Raymond Lewis was a legendarily nasty high school scorer and college standout in Los Angeles, and a first round NBA Draft pick. How and why he didn't have the career he should have—and didn't play a single minute in the NBA—is the story of a new documentary about Lewis' life and legend.
Marc Maron, the defensive artist formerly known as Metta World Peace, and a bunch of mostly douchey-seeming dudes made a movie called All Wifed Out. There are no wives in it. It's complicated, and it's not.
Philip Seymour Hoffman was all wrong as Art Howe, but was perfect anyway. For all his dazzling talent, it was Hoffman's willingness to doing more -- to do the most -- that made him great. It might have unmade him, too.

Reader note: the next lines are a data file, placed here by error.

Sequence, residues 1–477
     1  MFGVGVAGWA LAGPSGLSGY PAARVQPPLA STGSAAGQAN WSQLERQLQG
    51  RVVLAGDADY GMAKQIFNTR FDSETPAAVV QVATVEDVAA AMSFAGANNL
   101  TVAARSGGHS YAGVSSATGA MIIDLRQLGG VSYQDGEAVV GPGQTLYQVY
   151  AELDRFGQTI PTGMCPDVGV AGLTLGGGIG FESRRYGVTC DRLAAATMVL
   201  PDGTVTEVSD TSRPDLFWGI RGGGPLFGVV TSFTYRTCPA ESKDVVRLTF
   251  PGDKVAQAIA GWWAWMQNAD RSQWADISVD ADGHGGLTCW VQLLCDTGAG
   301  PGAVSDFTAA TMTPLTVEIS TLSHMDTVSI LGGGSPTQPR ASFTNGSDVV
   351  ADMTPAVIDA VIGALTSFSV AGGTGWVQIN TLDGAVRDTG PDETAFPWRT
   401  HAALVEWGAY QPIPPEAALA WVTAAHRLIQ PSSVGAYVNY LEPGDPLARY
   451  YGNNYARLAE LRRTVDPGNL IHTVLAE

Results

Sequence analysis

The other 1970's disaster flick in which awful things happen at the Super Bowl is not very good, but somehow is both worse and more fun to watch than Black Sunday. Having Jack Klugman and John Cassavettes in the same cast helps.
The 1977 TV movie Murder At The World Series offers none of the excitement of the World Series, and barely any murder. But it does offer notably more Intense Bruce Boxleitner acting and Houston Astros than any Fall Classic in recent memory.
A young John Wayne. A chicken farm in peril. A hockey team that's sort of like the New York Rangers, and John Wayne playing hockey for that team to save his chicken farm. It's 1937, and it's about as weird as it sounds.
The NBA was a strange place in the late 1970s, if probably not quite as strange as the version depicted in 1979's gloriously batshit Jonathan Winters/Julius Erving vehicle The Fish That Saved Pittsburgh. Few things, really, could be much stranger.